- Involved s23(g) (we dont have this section anymore)
- Can have an expert, can say this kid shows signs that are consistent with sexual abuse Court wouldn't allowed it, legislature allowed it in s23(g), don't have it anymore. Typical complaints by the CA about experts. Gone beyond specific question in s23(g). No scientific references.
12th August: R v Eode:
- Tried to prove that two kg of marijuiana was for 'personal use' because he had pain
- Got a proffessor of pharmacology from a university who outlined the pain reducing effects of cannabis. Wouldn't allow the professor to say that it was conceivable that he could have smoked that amount - this was an issue for the jury. R v Makarore:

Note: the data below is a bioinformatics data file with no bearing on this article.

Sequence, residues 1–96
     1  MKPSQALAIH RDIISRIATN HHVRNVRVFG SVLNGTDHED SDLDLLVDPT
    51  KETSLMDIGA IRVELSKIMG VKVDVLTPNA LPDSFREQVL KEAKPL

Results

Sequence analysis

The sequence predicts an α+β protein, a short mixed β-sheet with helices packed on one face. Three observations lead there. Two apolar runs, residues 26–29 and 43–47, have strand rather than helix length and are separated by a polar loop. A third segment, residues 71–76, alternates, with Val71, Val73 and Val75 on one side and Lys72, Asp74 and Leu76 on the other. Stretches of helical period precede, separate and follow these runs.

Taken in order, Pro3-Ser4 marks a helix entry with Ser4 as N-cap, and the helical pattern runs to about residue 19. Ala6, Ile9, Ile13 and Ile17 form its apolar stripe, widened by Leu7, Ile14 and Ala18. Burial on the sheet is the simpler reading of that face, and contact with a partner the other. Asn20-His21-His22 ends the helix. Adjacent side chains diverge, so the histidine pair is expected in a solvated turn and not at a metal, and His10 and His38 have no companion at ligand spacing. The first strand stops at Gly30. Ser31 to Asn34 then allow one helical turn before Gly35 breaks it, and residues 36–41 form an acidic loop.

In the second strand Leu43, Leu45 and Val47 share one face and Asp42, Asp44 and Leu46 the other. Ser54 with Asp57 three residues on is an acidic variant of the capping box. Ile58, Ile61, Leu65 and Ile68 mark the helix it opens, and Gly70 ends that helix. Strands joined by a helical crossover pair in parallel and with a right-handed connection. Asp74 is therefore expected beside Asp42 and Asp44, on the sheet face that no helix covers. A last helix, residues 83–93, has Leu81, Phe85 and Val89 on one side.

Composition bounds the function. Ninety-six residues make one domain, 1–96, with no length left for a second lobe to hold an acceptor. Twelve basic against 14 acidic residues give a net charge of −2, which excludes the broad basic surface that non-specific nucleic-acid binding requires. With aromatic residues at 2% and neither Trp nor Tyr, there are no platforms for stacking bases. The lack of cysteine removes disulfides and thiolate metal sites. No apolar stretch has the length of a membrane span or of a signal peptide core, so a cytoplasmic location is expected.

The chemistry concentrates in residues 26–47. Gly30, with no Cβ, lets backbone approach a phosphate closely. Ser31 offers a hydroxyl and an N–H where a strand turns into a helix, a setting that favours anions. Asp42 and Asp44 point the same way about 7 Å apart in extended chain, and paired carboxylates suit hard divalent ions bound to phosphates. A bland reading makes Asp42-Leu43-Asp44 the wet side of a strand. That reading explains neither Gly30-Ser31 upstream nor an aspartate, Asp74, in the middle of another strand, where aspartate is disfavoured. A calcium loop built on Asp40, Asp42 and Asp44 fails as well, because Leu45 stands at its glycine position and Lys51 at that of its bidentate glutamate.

- Murder case
- Said he didn't have the intent to kill, and provocation was raised as well (historical note to this case) Trial judge didn't let the defence expert testify, he was so unhappy with the defence brief. He was a well respected psychiatrist. Appeal judge said the trial judge was correct to reject the defence expert. The psychiatrist was coming up with a theory - the accused had been raised in a subculture of violence, so that he was so used to it, and could no longer have an intention to kill. Said he had this special characteristic because of the way he was raised. Didn't allow, because the opinion wasn't based on any facts. No support from other experts for this theory that the psychiatrist was trying to run. Court was concerned that this guy had a hobby horse and was trying to run it by the court.
Buy the full version of these notes or essay plans and more in our Evidence Law Notes.